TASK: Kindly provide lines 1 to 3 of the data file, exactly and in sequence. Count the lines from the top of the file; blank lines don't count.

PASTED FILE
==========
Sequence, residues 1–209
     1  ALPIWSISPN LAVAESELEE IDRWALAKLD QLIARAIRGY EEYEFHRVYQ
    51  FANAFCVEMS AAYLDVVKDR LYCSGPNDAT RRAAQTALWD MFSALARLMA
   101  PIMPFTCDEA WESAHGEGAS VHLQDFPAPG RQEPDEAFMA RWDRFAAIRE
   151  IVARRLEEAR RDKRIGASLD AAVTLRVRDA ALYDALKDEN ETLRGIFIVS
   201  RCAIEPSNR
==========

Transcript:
Sequence, residues 1–209
     1  ALPIWSISPN LAVAESELEE IDRWALAKLD QLIARAIRGY EEYEFHRVYQ
    51  FANAFCVEMS AAYLDVVKDR LYCSGPNDAT RRAAQTALWD MFSALARLMA